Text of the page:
Last month I came across this article on treehugger raising the question of whether drinking wine or beer was less harmful environmentally. When I read the full piece I was a little disappointed as I had imagined it would cover aspects regarding the production – growing conditions, fertiliser use, energy used in wine making versus malting/brewing. I started to think that vines could be grown locally with few inputs or mechanisation and the wine-making could be achieved with limited energy use whereas growing barley was going to rely on mechanisation, transport, energy for malting/drying and then all the energy to mash and boil. However, the article covered none of this, the only factors considered were around transportation – of raw ingredients to the production facility and the final transportation to the consumer. Therefore I thought I’d look a bit further into the subject.
After a little internet research, I found that the question is difficult to answer categorically. There are too many variables in the production methods and supply routes that different beers and wines go through from production to consumers. However, there are some useful resources out there giving some data to work with…
Dr Vino’s wine blog offers some great research here. In his research he gives some carbon emission figures for a few different bottles of wine using a model he created with Pablo Päster, who coincidentally, was the author of the treehugger piece. For a bottle of Yellow Tail from South East Australia travelling to Chicago via ship across the Pacific and truck at either end, he calculates a total CO2 figure of 3.4kg of which 2.2kg is the transport to Chicago. The second wine he looks at is from Joly, a biodynamic producer in the Loire region of France. Quality control is important for this wine and it is therefore transported in refridgerated conditions by road, sea and road, this increases the energy use. The total CO2 figure when it arrives in Chicago is 2.1kg. The third choice differs by not being based on a real wine, it is from a hypothetical producer in the Napa Valley and is dispatched from the producer by courier direct to the consumer. It is subsequently transported by air leading to high CO2 outputs due to the inefficiency of air freight. The total CO2 figure for this bottle is 4.5kg. The research highlights the different efficiencies of road versus ship transportation leading to a situation where it is more efficient to ship wine from France to the US east coast than truck it from the west coast.
From the figures above, it is clear that the emissions from transporting a bottle of wine can greatly outweigh those involved in its production. When you think of the complexities of national and international distribution chains, it is also clear that similar wines could be transported differently due to variations in route, transport type, warehouse locations etc.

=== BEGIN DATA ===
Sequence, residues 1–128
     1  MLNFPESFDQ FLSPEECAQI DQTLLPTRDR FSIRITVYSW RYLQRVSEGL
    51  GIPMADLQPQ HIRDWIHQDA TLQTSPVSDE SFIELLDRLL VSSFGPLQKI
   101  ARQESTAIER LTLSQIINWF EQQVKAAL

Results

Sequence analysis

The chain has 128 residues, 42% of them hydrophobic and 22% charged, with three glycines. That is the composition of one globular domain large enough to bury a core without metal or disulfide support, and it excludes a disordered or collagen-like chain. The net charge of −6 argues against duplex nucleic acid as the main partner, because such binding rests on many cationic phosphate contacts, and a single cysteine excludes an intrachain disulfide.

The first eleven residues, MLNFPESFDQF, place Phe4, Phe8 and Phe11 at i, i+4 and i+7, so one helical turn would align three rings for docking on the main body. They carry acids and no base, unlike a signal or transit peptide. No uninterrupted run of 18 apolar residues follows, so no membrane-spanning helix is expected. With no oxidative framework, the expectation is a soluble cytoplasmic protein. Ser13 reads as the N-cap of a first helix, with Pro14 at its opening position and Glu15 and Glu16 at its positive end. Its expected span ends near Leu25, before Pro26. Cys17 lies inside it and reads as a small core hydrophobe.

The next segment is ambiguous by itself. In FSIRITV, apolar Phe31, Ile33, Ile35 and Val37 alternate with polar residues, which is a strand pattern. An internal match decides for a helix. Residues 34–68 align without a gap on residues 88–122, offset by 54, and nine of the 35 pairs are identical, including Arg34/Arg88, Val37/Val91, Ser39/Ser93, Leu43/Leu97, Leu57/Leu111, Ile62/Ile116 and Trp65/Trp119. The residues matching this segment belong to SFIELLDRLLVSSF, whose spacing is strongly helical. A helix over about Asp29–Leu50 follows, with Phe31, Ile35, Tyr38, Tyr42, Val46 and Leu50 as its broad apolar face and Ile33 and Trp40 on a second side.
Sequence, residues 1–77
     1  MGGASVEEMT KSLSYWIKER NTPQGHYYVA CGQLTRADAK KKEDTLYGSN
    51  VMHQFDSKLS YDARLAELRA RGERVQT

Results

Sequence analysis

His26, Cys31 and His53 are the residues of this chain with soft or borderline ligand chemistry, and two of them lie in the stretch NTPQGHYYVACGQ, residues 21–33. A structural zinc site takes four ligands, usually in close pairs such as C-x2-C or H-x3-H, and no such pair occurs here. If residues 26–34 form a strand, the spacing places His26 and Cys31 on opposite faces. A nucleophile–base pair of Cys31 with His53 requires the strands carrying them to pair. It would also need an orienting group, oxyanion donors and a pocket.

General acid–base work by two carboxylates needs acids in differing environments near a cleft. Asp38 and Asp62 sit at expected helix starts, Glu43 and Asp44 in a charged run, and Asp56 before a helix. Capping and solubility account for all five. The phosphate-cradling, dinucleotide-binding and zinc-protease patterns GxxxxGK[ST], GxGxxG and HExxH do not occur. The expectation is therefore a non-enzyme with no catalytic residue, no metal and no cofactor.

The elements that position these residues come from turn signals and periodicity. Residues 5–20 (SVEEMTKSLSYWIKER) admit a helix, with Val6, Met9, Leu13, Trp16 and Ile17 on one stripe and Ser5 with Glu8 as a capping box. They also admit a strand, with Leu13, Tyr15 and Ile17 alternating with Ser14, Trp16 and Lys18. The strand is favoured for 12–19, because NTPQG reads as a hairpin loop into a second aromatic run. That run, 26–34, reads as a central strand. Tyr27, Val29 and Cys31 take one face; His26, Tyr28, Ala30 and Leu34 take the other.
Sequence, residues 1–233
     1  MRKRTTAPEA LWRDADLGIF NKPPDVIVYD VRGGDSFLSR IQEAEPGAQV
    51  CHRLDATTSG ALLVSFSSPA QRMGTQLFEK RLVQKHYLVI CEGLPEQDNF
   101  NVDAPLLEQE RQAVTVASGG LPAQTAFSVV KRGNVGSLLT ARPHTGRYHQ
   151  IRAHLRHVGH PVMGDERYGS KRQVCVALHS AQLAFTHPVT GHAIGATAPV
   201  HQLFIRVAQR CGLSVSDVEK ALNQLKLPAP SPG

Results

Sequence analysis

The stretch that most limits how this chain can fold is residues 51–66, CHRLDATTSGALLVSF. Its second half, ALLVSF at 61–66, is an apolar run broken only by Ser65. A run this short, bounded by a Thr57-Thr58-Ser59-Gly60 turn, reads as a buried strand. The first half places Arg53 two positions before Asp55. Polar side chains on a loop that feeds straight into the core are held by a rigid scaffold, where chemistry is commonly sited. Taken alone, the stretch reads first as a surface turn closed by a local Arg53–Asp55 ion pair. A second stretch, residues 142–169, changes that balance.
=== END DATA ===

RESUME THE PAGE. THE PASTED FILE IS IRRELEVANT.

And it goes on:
When it comes to beer, a Guardian blog piece estimates the carbon footprint of a bottle of beer at about 500g for a local brewery and 900g for a long distance foreign one. This basically agrees with an in-depth study that the Colorado based New Belgium Brewery did for one of their beers which calculated a figure of 3.2kg for a six-pack. You can read about their study here. It has some really nice data breaking down the footprint across the production and distribution process. In their study, the largest contributor (28%) to the total footprint was the refrigeration of the product at the retail outlet while distribution accounted for only 8% of the total. Looking at only the production process, the glass bottles were the largest contributor accounting for 34% of production CO2, the barley/malt production was next (29%) while brewing accounted for only 6% of production.
An important issue when considering the wine vs. beer question is the relative amounts that would be consumed. Wine is usually much stronger in alcohol than beer and is therefore likely to be drunk in smaller quantities. An average bottle of wine has the same total alcohol content as 5 small bottles of average beer. If we compare the carbon footprint of a bottle of wine with 5 bottles of beer, a wine from the other side of the world could have a footprint similar to 5 bottles of local beer. The footprint of imported foreign beer is definitely looking worse than that of wine.
In conclusion, with a bottled product, if we take into account the larger volume of beer needed for the same alcohol content as wine, wine is likely to have a smaller carbon footprint than beer before transportation to the consumer. To reduce the carbon footprint, there are a few things we can do… Generally, choosing products from local producers is best. Stronger wine/beer means relatively less weight and glass to transport/produce. Alternatives to disposable glass (eg wine boxes, beer cans, kegs, re-usable containers, etc.) can reduce the transportation/production footprint. Driving a 6 mile (10km) round-trip for a bottle of wine could put out the same CO2 as shipping that bottle from Australia. The best thing for beer drinkers is – Learn to home-brew!